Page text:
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Greetings during and after Covid 19

I was never a hand shaker. In fact, I used to tell stories in classes and workshops with tips and tricks I used to not shake hands or to slip the grasp of huggers. No, I wasn't a germaphobe, but I'm an HSP and an introvert and I just feel more comfortable keeping the list of humans I touch very short. Now the world has changed. Shaking hands in Western culture may go the way of the kissing booth. (Remember those?)


The theory is that shaking hands developed as a custom to make sure the person you were speaking to wasn't armed. Okay. Just exactly why are we greeting one another again? Personally, I'd love to see the Vulcan greeting (Live long, and prosper) become the new norm. First, I like the idea of starting or ending an interaction with well wishes for another person, and second I still harbor fantasies of a Star Trek like society. ~sigh~ The joined palms over heart (Namaste - I bow to the divine in you) also seems like a great option. How better to begin or end conversations than to acknowledge the value of the other person? A palm over your heart, or a slight bow...we've got lots of alternatives to shaking down folks for imaginary weapons or hugging and kissing those we barely know.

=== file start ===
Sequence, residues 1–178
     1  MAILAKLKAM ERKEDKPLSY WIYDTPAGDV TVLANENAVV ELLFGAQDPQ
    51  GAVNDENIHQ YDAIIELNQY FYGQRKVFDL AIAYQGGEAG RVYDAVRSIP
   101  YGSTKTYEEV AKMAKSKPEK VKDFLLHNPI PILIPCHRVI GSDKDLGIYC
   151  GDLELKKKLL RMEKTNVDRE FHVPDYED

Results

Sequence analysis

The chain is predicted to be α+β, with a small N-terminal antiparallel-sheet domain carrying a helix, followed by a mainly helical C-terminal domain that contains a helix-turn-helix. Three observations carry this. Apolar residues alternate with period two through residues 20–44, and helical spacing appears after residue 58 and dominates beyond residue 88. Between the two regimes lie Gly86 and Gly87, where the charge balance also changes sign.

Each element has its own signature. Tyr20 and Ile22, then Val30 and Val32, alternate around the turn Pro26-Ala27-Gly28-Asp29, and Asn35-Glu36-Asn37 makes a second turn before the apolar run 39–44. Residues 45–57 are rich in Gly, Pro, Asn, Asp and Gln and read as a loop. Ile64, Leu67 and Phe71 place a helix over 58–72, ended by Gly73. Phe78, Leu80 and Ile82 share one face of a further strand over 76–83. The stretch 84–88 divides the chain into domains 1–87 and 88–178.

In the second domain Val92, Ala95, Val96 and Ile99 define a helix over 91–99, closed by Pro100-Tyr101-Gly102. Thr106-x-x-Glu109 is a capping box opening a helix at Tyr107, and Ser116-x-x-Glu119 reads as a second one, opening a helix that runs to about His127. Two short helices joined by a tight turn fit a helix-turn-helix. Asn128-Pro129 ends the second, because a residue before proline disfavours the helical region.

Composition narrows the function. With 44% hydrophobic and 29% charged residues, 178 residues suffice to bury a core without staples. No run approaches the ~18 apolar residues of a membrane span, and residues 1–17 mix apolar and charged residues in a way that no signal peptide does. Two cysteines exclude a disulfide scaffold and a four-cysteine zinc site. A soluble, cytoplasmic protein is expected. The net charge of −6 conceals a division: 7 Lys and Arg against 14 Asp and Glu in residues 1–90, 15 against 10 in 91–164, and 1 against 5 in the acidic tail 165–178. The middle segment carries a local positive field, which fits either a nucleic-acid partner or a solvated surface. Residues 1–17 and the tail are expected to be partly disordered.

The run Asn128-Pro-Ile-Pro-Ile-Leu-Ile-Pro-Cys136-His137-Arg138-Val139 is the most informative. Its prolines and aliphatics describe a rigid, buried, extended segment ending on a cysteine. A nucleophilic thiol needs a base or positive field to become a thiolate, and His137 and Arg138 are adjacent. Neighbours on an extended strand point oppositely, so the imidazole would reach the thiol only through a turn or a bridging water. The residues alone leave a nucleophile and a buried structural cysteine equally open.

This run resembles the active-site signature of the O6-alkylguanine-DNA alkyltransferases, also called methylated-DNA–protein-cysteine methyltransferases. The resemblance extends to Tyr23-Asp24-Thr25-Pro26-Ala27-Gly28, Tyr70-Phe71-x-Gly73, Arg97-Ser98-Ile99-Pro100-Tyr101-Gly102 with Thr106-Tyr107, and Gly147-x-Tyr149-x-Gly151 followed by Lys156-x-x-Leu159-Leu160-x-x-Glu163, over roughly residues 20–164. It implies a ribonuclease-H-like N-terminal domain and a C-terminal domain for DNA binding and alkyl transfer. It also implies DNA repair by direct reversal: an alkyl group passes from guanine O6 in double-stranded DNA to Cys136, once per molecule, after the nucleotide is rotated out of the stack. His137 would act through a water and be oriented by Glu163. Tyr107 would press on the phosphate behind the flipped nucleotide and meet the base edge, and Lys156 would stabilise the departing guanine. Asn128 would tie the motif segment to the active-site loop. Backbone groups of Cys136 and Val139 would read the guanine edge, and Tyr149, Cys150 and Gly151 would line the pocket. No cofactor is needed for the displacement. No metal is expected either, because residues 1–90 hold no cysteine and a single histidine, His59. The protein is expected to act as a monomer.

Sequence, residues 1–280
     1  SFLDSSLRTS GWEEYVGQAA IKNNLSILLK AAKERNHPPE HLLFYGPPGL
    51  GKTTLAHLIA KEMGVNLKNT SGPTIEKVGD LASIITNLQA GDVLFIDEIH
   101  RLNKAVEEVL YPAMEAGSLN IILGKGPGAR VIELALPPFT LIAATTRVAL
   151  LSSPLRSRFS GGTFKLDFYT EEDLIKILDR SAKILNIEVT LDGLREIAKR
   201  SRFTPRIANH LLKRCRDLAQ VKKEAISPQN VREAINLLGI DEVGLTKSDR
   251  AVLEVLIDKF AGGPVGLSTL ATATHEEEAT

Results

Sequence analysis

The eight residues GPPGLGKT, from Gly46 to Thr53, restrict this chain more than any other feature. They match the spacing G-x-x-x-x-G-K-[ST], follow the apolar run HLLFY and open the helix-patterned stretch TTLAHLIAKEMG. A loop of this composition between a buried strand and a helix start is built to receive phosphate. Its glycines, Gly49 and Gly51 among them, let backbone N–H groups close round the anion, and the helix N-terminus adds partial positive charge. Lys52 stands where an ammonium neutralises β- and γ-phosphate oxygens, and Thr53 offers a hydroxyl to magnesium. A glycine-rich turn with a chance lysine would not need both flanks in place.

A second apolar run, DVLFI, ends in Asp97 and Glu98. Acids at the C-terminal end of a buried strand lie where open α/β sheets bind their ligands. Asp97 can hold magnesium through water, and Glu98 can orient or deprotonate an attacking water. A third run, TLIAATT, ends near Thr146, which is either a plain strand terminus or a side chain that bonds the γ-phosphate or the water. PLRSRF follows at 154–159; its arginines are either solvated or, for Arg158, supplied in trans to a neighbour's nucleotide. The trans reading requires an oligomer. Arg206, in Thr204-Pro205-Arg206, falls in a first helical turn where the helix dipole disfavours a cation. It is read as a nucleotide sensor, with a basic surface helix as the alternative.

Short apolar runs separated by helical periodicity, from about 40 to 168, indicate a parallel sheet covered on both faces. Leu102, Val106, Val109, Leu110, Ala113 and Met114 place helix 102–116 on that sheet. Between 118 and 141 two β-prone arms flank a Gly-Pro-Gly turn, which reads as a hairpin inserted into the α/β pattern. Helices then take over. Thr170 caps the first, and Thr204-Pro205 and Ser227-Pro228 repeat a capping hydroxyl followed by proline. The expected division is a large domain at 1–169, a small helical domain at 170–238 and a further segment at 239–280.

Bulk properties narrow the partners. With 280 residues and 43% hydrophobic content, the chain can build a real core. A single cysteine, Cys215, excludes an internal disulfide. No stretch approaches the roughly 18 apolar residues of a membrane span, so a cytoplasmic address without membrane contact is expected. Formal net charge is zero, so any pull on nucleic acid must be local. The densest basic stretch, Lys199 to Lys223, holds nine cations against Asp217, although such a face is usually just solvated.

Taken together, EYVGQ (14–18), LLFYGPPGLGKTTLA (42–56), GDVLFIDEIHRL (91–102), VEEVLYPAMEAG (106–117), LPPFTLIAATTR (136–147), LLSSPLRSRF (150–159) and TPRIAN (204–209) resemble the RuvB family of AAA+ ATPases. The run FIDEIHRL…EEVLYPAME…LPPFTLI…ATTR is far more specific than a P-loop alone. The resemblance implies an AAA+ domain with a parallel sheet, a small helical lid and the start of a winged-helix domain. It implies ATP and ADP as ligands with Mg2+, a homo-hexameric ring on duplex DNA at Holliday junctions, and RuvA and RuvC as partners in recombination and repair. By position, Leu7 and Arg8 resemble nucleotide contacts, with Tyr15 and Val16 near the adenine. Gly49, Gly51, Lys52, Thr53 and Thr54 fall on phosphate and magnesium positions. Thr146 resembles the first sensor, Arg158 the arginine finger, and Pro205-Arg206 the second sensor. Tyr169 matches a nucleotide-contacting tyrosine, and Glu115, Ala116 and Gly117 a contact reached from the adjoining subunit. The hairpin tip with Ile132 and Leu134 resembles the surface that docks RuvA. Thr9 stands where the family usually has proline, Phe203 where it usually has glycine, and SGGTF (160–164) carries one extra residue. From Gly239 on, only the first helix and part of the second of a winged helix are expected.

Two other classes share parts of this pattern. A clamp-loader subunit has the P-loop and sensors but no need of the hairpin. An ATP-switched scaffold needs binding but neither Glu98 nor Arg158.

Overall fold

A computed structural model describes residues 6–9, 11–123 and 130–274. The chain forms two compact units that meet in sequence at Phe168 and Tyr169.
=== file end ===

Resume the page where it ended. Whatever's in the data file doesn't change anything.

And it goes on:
Perhaps it's good for us to examine our greetings. They are the beginning of relationships and the closure of all kinds of interactions. A bit of stylized formality might not hurt. The rules for social interaction, the bowing, the respectful titles, etc. are often mentioned as a favorite part of period dramas. Inside maybe we all long to be greeted with the respect of Mr. Darcy or the regard of Mr. Spock, instead of having our arms pumped and shoulders slapped in a power move. 


(Image -- Paul Duginski / Los Angeles Times)

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(c) 2019 Karen Southall Watts